To begin, we must recognize that most metals, such as ordinary steel, copper, aluminum, magnesium, and zinc, undergo a shrinkage reaction during solidification. When it comes to sand casting design management, it's important to remember that there should be a machining allowance at the interface between two sand castings.
In other words, curved edges at the sand casting interface should be avoided. This is because their shrinkage is proportional to the freezing point of the material and the volume ratio of the casting's surface area.
Recycling Molding Sand
The lumps are cooled and crushed once the sand has been shaken off a complete casting. A magnetic field is often used to help remove all particles and metal granules. Shakers, rotary screens, and vibrating screens are used to screen all sand and components. The cleaned sand can then be returned to the molding sand production cycle from the start.
Mullers are used to combine the sand, bonding agent, and water for molding sands. Aerators are used in conjunction with aerators to loosen the sand and make it more moldable. Scoop trucks or belt conveyors carry prepared sand to the molding floor, where it is shaped into molds; the molds may be placed on the floor or transferred to a pouring station via conveyors. At a shakeout station, the castings are separated from the adhering sand after pouring. By belt conveyor or other ways, the utilized sand is returned to the storage bins.
Casting sand is frequently recovered and reused during the manufacturing process. Approximately 100 million tons of sand are utilized in production each year, according to industry estimates. Only four to seven million tons of that total are discarded, and other businesses frequently repurpose even that sand.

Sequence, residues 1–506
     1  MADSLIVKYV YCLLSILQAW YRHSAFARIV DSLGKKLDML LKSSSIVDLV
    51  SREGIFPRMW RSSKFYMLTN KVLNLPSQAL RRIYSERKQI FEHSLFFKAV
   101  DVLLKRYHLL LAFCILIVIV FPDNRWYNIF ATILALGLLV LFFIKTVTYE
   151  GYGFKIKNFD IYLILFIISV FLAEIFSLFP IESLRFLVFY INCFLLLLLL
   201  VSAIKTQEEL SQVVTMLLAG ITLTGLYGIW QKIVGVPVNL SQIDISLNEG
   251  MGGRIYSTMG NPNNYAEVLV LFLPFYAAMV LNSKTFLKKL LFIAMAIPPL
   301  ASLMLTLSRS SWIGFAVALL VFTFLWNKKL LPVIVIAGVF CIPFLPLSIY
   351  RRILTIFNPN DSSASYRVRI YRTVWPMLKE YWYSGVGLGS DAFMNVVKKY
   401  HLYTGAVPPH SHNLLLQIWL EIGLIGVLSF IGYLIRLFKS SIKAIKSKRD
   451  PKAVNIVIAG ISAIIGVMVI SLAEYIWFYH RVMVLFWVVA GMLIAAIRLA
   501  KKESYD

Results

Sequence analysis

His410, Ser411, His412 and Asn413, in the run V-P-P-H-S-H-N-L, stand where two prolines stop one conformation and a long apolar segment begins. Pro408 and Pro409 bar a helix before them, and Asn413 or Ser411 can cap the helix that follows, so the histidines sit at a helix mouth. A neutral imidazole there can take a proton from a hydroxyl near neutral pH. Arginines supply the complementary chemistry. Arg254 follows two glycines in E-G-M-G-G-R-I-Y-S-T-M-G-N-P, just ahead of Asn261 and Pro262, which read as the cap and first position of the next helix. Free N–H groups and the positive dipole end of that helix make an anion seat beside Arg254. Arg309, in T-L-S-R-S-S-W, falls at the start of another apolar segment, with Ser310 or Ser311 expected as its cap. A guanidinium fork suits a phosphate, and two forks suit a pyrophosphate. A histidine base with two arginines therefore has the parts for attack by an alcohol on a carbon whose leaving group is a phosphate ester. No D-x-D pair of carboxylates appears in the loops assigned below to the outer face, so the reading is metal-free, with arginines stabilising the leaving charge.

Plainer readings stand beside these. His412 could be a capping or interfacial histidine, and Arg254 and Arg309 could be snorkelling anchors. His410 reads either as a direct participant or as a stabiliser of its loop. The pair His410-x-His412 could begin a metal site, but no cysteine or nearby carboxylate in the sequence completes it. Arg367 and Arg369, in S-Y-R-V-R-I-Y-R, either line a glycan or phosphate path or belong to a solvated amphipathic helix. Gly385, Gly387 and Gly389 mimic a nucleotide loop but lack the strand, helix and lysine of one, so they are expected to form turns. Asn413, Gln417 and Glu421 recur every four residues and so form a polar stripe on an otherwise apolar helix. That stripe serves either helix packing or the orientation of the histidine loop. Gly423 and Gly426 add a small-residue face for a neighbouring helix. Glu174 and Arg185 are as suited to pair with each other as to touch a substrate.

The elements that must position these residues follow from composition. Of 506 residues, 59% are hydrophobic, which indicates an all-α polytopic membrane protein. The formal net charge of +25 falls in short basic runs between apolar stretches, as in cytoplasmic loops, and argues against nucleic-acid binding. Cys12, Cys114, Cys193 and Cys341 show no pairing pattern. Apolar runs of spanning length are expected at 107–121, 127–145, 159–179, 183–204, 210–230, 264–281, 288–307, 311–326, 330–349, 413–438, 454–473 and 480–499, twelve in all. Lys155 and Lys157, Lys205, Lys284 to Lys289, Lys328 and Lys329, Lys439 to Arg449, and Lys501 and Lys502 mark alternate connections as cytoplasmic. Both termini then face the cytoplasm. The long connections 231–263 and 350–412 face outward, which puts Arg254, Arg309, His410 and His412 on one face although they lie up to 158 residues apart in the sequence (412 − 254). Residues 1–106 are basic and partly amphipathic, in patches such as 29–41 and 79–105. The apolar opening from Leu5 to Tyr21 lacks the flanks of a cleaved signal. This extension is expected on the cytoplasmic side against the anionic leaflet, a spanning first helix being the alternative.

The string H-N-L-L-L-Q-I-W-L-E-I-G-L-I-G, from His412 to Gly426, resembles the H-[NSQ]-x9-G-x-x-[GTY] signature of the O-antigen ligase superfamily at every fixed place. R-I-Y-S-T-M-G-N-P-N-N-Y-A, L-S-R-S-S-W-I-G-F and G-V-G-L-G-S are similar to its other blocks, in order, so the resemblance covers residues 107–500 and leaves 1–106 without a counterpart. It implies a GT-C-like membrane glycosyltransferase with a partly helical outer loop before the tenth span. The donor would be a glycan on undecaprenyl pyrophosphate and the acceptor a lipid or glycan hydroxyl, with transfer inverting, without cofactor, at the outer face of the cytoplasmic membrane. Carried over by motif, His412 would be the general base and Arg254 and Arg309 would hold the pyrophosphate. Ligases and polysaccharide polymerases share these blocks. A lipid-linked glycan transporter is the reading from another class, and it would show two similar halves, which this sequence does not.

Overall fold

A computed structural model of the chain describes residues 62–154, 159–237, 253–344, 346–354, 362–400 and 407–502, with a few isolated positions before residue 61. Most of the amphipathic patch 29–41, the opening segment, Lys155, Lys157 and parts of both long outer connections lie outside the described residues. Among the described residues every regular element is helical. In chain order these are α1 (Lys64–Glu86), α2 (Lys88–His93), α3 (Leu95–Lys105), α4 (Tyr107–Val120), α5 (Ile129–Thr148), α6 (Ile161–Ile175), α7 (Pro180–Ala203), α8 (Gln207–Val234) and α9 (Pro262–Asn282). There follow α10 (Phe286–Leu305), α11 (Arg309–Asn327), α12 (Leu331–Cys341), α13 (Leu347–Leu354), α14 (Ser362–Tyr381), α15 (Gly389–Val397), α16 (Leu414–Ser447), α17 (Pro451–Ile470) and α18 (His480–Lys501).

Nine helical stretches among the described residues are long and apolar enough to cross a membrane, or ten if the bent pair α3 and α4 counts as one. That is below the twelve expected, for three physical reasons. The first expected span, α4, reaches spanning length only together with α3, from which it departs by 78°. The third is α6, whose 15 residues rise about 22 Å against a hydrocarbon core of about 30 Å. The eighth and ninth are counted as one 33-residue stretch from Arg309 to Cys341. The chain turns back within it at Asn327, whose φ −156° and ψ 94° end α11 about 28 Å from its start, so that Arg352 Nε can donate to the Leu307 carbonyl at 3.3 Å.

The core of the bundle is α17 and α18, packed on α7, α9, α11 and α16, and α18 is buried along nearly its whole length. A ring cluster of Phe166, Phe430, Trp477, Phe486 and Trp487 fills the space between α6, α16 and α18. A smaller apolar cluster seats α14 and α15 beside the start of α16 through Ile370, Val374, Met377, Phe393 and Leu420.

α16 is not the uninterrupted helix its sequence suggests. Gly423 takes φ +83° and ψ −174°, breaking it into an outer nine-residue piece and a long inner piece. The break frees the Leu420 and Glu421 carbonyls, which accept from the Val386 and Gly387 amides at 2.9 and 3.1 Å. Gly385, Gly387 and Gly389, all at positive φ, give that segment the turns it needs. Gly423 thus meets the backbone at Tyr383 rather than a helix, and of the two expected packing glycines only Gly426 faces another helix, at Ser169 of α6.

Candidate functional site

Chapter 4: Applications and Advantages of Sand Casting
This chapter will discuss the applications and advantages of sand casting.
Applications of Sand casting
The applications of sand casting include:
Air compressor pistons
Engine oil pans
Gas and oil tanks
Advantages of Sand Casting
As much as sand casting can have disadvantages such as:
Low material strength - When compared to a machined item, the material strength is low because of the excessive porosity.
Low dimensional precision - Dimensional accuracy is particularly poor when shrinking and finishing the surface.
Flaws are unavoidable - Defects or quality differences, such as shrinkage, porosity, pouring metal defects, and surface defects, are inherent in any metallurgical process. When compared to other casting methods like die casting and investment casting, sand casts have a high level of porosity.
Post-processing — if a tighter tolerance is necessary to interface with other mating parts, a further machining operation is frequently required. In comparison to tooling and material costs, processing costs are significant.
The advantages outweigh these sand casting disadvantages. The advantages of sand casting include:
It is used to form complex shapes
It can produce very large parts
Very low cost for tooling
It is versatile and applicable to all metals, including high melting point ones.
Easy to scale
Complex geometries with thin-wall sections
Low production cost
Complex geometries with thin-wall sections
Sand casting is a manufacturing process in which liquid metal is poured into a sand mold, which contains a hollow cavity of the desired shape, and then allowed to solidify. When casting, a liquid material is poured into a mold, which then solidifies to give the desired shape. Casting materials include metal, concrete, epoxy, plaster, and clay. It is essential to select the right method/technique in sand casting, cognizant of the type of sand intended for use.